Making a documentary on a crusading 90-year-old photojournalist who is famously fearless and uncompromising is not for the timid. Saburo Hasegawa, who has been directing television documentaries on a range of social issues since the 1990s, was initially afraid that his subject, Kikujiro Fukushima, might be as formidable as his body of work: 250,000 photographs taken over the course of six decades.
“But when I finally met him, he was as charming as could be,” Hasegawa tells The Japan Times in an interview at the office of Bitters End, the distributor that will release his film, “Nippon no Uso: Hodo Shashinka Fukushima Kikujiro 90-sai (Japan Lies)” on Aug. 4. “He was so nice that I wondered if he could still get angry,” he adds.
The anger, however, was still there, as is evident from not only Hasegawa’s interviews but his footage of his subject snapping shots of security guards as grimly as a sharpshooter squeezing off rounds. “He was making a stand against the powers that be,” explains Hasegawa. “But when he’s shooting farmers and other ordinary people, he does it with a gentle feeling.”
What has not mellowed, however, is Fukushima’s distrust of Japanese officialdom, whose evasions, falsehoods and coverups have served, says Hasegawa, as his prime motivating force over the decades. “What are all these photographs about?’ I asked him. His answer was, ‘Japan’s lies.’ “
His battle against those lies began with his early post-World War II photographs of the Hiroshima atomic bombing victims and continued with his trip last fall to Fukushima Prefecture to record the aftermath of the nuclear reactor meltdown.
“For Fukushima, “nuclear explosion” (genbaku) and “nuclear power” (genpatsu) are synonyms,” Hasegawa says. “The victims of both were harmed by radiation human beings couldn’t control. The state has a fundamental obligation to support those victims, but instead they were left to fend for themselves.”
Fukushima, Hasegawa notes, was angered “by the government’s callous treatment of atomic bombing victims, while building memorials and proclaiming Hiroshima a ‘city of peace.’ ” But few people now share his anger — or experiences. “He told me that, when he saw conditions in Fukushima (Prefecture), he had the feeling that the same thing (that happened in Hiroshima) would happen again,” Hasegawa says. “That’s the kind of connection that only he could make. For people of my generation, the (Fukushima reactor meltdown) was our first encounter with nuclear disaster.”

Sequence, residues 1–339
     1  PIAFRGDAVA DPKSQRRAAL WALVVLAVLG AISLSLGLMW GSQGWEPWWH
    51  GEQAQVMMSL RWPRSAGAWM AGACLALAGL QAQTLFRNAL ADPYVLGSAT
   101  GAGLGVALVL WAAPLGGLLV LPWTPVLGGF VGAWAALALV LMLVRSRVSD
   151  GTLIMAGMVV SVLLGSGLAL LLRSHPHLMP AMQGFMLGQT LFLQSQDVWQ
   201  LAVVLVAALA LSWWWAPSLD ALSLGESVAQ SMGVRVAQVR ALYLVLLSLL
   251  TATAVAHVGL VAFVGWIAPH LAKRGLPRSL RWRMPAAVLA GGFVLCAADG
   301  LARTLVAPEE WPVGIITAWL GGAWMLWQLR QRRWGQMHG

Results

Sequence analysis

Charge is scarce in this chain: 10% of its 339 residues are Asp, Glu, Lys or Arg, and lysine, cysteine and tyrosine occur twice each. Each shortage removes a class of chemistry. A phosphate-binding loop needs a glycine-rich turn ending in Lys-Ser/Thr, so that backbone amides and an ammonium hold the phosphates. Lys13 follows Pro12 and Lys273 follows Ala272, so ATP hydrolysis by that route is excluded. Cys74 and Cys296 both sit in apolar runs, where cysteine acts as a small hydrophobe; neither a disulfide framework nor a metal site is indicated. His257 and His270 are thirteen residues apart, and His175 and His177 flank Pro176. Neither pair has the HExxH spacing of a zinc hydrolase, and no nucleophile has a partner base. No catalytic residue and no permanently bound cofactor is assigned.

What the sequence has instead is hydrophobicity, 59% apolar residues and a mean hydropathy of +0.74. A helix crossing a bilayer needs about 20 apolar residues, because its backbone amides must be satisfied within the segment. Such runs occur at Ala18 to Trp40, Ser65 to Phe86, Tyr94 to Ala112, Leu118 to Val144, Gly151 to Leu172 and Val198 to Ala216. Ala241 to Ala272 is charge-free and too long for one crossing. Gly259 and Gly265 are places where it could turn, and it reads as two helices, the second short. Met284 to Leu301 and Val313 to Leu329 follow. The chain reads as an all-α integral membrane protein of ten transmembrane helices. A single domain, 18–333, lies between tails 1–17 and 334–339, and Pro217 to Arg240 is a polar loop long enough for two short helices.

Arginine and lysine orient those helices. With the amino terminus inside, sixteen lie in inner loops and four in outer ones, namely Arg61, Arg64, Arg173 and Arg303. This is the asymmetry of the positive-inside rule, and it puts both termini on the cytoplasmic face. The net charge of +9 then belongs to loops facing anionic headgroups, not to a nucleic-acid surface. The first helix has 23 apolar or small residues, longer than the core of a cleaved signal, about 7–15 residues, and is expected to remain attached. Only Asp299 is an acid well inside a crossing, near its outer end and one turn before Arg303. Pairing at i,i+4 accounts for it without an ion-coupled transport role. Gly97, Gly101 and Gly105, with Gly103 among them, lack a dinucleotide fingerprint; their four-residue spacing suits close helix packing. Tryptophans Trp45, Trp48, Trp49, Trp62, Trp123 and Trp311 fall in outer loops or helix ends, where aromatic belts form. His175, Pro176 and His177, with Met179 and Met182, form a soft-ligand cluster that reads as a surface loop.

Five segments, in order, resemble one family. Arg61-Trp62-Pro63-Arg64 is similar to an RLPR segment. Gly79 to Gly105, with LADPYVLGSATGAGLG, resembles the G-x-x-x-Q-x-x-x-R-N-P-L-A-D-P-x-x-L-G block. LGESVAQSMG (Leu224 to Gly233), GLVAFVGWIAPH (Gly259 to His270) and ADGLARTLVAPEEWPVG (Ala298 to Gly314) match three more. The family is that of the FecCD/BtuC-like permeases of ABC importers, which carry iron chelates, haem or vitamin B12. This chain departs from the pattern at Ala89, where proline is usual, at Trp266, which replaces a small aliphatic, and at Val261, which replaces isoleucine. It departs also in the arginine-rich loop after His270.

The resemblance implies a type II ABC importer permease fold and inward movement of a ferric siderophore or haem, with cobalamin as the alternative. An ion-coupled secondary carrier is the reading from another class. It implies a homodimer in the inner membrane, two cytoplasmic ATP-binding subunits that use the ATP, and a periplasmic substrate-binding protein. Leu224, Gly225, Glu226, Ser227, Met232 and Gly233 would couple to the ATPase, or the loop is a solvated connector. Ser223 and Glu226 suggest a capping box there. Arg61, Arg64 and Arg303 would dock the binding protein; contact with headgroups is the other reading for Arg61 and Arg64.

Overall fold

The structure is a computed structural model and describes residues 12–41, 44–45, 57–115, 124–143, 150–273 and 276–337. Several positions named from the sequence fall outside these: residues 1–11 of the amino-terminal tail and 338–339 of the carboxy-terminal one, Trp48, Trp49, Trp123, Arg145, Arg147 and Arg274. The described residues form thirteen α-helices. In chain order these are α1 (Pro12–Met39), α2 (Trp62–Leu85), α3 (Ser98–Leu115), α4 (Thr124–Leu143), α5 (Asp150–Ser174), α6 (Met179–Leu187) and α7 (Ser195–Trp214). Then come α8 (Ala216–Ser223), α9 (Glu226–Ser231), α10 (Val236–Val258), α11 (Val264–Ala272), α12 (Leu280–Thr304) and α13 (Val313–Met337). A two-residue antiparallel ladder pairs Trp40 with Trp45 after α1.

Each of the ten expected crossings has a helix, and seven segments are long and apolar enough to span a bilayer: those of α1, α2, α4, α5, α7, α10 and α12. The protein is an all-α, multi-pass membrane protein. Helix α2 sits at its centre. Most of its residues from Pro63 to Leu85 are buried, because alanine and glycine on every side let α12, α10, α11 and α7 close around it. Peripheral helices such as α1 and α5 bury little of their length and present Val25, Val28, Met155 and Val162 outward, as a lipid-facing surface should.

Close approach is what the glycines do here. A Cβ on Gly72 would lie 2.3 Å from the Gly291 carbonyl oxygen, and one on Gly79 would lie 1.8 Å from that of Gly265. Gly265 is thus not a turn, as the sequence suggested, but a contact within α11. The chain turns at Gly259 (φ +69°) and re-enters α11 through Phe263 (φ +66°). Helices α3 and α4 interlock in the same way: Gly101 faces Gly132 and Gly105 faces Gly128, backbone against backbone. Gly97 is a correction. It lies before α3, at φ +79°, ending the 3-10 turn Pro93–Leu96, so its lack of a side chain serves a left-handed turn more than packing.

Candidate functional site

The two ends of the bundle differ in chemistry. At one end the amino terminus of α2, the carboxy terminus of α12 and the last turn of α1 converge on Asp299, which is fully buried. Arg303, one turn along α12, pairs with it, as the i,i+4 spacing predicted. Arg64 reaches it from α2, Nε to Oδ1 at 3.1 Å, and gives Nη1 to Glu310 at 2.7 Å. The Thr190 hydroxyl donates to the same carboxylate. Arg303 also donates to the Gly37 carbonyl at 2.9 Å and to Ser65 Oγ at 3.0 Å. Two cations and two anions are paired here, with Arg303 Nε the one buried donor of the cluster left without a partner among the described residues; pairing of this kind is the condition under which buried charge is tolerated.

Seeing his elderly subject in action at the exclusion zone around the plant, taking photos like mad, Hasegawa was impressed and envious. “I couldn’t keep up with him,” he explains. “It was as though he were on the hunt for prey. I felt the strength of his need to communicate the truth, of his mission as a cameraman. That’s the source of his energy.”
Unlike most of his colleagues, Fukushima was not formally trained but learned his trade, as Hasegawa puts it, “on the postwar front lines” of social and political unrest. “He attended the school of life,” Hasegawa adds. “He was an amateur in the good sense of the word. Instead of taking photographs for money, or as a product, he developed that quality so important to a cameraman, empathy, by interacting with victims and the Japanese who were fighting for them, as one human being to another.”
In his film, Hasegawa contrasts Fukushima the battler for justice with Fukushima the elderly man living independently with pride, if not a lot of money. “He’s the coolest old guy I know,” says Hasegawa. “Even at age 90 he wants to keep doing his work, the core of his identity, until the end. I really admire that.”
Wrestling with a wealth of material, including those quarter-million photos, Hasegawa spent two years editing the film to its final 114-minute version. “For me a documentary is like a drama,” he explains. “I want the audience to — my choice of words is not the best — experience excitement and enjoyment and feel something at the end. If I had just shown Fukushima talking, it would have been boring, so I inserted scenes of his everyday life. I wanted the audience to see him enjoying moments of calm and relaxation. I didn’t want to make a scary movie.”